I had no doubt that my favorite show would be picked up for a third season. (News Flash: White Collar’s been picked up for a third season!) I had no doubt that it would be rainy and cold this morning when I woke up. I had no doubt that the cat would throw up on something porous while I was at work today. I had no doubt that my alarm would go off this morning and that the lights would turn on and my car would start.
Every day, I demonstrate faith. And usually, that faith is placed in completely inconsequential things. So why do I pray the way I do?
“Wait, what? How did you make the leap from the weather and cat throw-up to prayer?” you ask. Oh, just making sure you’re with me.
James 1:6-8 says:
But when he asks, he must believe and not doubt, because he who doubts is like a wave of the sea, blown and tossed by the wind. That man should not think he will receive anything from the Lord; he is a double-minded man, unstable in all he does.
Confession time: For a long time now, I have been that double-minded, unstable person. My prayers, I realized, have been a study in contradiction: “God, please give me X.” And then a minute or so later, “Please help me deal correctly with the disappointment when I don’t get X.” No wonder I haven’t seen positive answers to my prayers! Basically, I’m saying to God, “I’d like You to please do this for me, but I seriously doubt You’re going to.”
And as a result, I’m also saying, “All that stuff You say in the Bible about how much You love me, and how You have a plan for me and how You give me good gifts? I don’t believe any of it.” I have to believe that one of the reasons I’ve experienced so much disappointment in the last couple of years is because of how I’ve been praying.
Do you pray like that sometimes? Do you ask God for something while at the very same time bracing for disappointment? Do you wonder why you experience disappointment more often than you do the joy of an affirmative answer to prayer?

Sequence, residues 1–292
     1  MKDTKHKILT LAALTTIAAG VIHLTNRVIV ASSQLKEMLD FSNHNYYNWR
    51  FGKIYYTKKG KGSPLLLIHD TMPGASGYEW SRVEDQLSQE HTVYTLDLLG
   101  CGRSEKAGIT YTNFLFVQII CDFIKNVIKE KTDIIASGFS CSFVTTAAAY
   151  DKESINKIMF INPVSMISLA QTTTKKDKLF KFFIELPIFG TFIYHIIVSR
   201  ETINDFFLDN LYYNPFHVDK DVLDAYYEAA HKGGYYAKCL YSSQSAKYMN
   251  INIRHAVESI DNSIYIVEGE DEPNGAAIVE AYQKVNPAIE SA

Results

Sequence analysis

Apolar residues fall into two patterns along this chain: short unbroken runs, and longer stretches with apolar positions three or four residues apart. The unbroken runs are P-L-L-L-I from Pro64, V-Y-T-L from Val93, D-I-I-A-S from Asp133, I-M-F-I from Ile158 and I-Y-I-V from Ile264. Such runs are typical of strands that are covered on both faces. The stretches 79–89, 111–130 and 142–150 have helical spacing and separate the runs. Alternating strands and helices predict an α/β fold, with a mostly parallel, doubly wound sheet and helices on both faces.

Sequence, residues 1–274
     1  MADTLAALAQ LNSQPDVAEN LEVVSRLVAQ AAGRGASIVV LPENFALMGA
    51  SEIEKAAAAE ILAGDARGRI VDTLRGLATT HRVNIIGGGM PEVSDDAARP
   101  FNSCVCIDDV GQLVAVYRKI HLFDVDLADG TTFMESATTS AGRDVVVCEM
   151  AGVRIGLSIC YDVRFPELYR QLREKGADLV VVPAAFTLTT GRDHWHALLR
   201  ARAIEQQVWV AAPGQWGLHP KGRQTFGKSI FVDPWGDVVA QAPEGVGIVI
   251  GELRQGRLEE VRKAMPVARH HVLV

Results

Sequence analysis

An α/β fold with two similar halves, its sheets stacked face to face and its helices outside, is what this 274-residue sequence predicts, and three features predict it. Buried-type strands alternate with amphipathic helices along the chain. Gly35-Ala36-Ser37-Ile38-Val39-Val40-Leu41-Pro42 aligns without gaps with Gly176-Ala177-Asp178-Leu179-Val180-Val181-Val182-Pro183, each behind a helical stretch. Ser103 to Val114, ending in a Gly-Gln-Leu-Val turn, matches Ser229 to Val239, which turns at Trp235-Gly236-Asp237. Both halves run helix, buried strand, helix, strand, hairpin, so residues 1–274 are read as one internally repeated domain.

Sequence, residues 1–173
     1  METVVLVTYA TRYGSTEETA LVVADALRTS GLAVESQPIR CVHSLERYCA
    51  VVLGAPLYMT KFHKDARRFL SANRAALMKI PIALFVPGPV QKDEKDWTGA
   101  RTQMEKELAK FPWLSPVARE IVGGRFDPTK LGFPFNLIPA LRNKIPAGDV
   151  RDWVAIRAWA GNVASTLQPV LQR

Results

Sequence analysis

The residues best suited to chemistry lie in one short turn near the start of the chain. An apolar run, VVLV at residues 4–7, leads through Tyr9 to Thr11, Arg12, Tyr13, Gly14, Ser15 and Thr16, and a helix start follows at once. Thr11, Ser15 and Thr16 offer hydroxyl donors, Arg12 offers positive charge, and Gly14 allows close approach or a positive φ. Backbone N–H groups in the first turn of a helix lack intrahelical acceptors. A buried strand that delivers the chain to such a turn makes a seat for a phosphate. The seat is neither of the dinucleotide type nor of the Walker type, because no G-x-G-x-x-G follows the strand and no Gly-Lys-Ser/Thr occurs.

If so, proof-read your prayers. It may very well be that the first half of your prayer is contradicted by the second half. Don’t get me wrong, there’s nothing wrong with asking God to help you keep your attitude in check, and there’s nothing wrong with asking that His will, and only His will be done in your life. But when we approach God expecting Him to not do what we want, we not only set ourselves up for frustration, we strip prayer of some of its power.
God is not easily confused. In fact, God is not ever confused. He knows what we want before we even ask it. And God can answer any prayer. But do you think you’d be willing to grant a friend’s request if she said, “Would you please do this for me? I know you won’t though. I really wish you would, but I’m expecting you to say no”? (I believe the old-fashioned term for this type of person is “wishy-washy”.)
Not only would you most likely not grant the request (if you could even find it in there anywhere), I bet you’d be a little insulted too. Does your friend think you care that little for her? Does she think you’re that powerless to help her? Does she think you’re even friends?
I haven’t asked Him, but I’m guessing God feels the same way when we pray for something, but expect nothing. It’s no wonder we have so many “unanswered” prayers! Or, maybe it’s just me…